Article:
Editor's note: Suniti Neogy works as a maternal health program coordinator in India for the global poverty-fighting organization CARE.
(CNN) -- The December gang-rape and murder of a young woman in New Delhi has stirred consciences in India in a way I have never before experienced: It has forced Indians to confront a terrible truth that for our girls and women, violence and discrimination are facts of daily life, an epidemic that, researchers say, claims nearly 2 million lives in India each year.
But now the real work begins for each of us who took to the streets in protest. How do we channel the energy of those demonstrations into real solutions for our communities?
I got a taste of the challenge earlier this month, when officials from the Barabanki district in Uttar Pradesh, a state adjoining New Delhi, asked if I would lead a workshop promoting teen safety and gender sensitivity for the government schools.
I was disappointed to see they had invited only the heads of girls' schools. And so I accepted under one condition: that the principals of the district's boys' schools attend as well. Because if there's one thing I'm certain of it's that all the candlelight vigils, passion and protests will be in vain if we don't figure out how to make men and boys part of this growing movement to transform gender relations in my country.
For more than a decade I've worked for the poverty-fighting group CARE as a community educator on health and gender issues. I've seen how the deep inequalities between women and men trap millions of Indian families in cycle of poverty. But along the way, I've also met countless men who, given an opportunity, were willing to examine and improve their behavior towards the girls and women in their lives.
The fact is most people want what is best for their loved ones. Aggressive behavior toward women isn't innate. It's learned and can be unlearned. When prompted to reflect on their attitudes towards women's education, sharing domestic tasks, having girl children, and even violence, the boys and men I work with every day can and do change.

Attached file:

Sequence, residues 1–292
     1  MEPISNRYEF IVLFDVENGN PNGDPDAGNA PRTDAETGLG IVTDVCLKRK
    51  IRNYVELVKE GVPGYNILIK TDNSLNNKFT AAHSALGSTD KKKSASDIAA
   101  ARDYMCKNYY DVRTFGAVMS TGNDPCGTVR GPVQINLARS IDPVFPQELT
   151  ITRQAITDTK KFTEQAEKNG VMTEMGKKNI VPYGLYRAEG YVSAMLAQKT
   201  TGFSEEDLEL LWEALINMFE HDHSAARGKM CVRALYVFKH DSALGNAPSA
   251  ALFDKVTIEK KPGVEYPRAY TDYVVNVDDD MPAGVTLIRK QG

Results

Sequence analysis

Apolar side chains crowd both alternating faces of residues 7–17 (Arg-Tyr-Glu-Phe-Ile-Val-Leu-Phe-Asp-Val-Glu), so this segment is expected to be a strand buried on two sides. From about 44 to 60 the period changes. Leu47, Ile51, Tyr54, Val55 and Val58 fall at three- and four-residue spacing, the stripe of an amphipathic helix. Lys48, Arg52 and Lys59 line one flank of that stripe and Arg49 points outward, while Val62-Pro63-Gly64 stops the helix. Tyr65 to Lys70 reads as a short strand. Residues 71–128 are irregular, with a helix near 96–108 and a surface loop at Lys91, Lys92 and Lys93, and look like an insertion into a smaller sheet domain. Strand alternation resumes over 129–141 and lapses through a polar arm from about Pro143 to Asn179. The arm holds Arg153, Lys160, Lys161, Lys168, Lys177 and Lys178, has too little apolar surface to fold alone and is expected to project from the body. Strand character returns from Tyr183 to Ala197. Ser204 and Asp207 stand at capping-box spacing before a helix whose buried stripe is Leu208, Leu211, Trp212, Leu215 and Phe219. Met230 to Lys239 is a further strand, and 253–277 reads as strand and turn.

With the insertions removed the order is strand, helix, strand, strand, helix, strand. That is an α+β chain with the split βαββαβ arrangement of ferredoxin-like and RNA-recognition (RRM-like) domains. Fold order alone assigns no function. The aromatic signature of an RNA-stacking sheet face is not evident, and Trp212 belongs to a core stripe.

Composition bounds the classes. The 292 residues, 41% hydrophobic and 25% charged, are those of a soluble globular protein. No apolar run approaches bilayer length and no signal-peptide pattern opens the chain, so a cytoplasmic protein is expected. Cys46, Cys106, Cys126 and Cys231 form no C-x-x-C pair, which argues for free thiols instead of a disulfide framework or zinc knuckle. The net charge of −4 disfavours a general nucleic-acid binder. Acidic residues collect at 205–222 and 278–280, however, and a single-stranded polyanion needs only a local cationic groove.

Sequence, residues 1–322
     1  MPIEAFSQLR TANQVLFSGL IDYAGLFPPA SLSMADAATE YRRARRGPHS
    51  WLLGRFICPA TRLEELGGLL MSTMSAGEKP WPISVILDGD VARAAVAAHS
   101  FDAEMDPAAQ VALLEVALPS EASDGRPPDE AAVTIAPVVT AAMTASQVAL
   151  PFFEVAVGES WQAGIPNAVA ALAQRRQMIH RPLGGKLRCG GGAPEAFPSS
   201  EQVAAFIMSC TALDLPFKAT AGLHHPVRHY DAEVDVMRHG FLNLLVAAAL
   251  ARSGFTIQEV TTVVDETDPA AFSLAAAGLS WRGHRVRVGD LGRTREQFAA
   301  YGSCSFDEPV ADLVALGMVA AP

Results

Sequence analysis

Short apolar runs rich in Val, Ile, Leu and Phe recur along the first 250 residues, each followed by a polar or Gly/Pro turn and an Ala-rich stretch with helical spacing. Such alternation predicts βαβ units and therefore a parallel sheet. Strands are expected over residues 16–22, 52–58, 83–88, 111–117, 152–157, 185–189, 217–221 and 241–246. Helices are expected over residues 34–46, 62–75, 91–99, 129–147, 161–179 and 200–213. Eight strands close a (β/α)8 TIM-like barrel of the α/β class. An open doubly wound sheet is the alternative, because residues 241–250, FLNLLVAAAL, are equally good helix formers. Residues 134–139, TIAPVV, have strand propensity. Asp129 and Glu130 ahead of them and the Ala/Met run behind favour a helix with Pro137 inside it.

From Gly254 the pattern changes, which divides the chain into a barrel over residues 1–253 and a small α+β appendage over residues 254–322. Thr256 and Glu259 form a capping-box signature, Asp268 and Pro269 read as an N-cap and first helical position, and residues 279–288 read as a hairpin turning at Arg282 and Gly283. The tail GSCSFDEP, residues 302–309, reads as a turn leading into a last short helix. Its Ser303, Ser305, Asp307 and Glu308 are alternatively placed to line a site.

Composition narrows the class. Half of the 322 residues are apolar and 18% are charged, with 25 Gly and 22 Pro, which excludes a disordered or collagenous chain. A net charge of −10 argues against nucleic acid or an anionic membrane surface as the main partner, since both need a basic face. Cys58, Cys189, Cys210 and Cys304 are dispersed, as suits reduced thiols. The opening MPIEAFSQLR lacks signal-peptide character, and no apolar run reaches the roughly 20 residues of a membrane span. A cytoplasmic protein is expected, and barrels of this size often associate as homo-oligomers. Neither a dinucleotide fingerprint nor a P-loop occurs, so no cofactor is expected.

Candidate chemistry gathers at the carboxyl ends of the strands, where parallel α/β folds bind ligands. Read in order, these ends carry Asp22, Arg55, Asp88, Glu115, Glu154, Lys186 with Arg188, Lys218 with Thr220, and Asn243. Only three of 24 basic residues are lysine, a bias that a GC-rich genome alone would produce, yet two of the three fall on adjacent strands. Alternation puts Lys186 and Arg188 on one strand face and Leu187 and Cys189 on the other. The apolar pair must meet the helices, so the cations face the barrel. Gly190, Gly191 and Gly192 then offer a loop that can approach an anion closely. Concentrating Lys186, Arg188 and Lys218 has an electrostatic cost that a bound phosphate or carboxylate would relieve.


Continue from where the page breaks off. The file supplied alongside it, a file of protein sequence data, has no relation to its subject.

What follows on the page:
Often it starts with something simple, like the laundry.
I think of Ram, a man I worked with in the village of Pavaiya Viran. A husband and father with a macho job -- he drills underground pumps -- Ram attended sessions where he was given a chance to analyze gender roles in his life. He understood that men and boys are under pressure to express power and that when they feel weak or frustrated, their gut reaction is often to demonstrate power, even if that means violent or abusive behavior.
Ram eventually adopted a new outlook; that truly strong men don't show power, they show care. "Let the other men laugh at me for cooking and washing clothes," he told me. "Why should my wife alone do all things?"
Now I'm not saying men doing laundry is the solution. But each time he folds the linens, Ram shows his children he respects his wife and treats her as an equal, not someone subservient.
And so I kept thinking of Ram as I gathered with the group of 53 principals from boys and girls schools earlier this month. We addressed the importance of installing security cameras at school gates, assuring a woman driver or conductor is on every school bus, and having clean, working toilets at schools so girls and boys are not forced to go outside to relieve themselves. This was all necessary. But it felt like we were playing defense. Only when the educators were forced to hold a mirror up to their own lives did it feel like we were playing offense, too.
Many acknowledged that it's their duty as parents and community leaders to lead the next generation by example. One principal realized he'd never even considered doing household chores, not as a boy or, now, as a husband and a father. Another vowed to make gender equity a required part of parent-teacher conferences. By the end of the session, every man and woman in the room was thinking about changing not only others but also him or herself.
We have a long way to go, and not just in India. A World Health Organization global survey found that 59% of women in rural Ethiopia report being subjected to sexual violence from their intimate partner, 62% of women in Peru report physical violence at the hands of their partners and 30% of women in rural Bangladesh say their first sexual experience was forced. The problem is not confined to the developing world either. Nearly one in five women in the United States has been raped or has experienced attempted rape.
Even so, I'm confident that the Indian people can demonstrate to the world that we're not powerless in the face of some global epidemic. We can change. That starts by treating this moment not as some global airing of our dirty laundry but rather a national awakening to the reality that all of us -- girls and boys, women and men -- must do our part in cleaning it.
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The opinions expressed in this commentary are solely those of Suniti Neogy.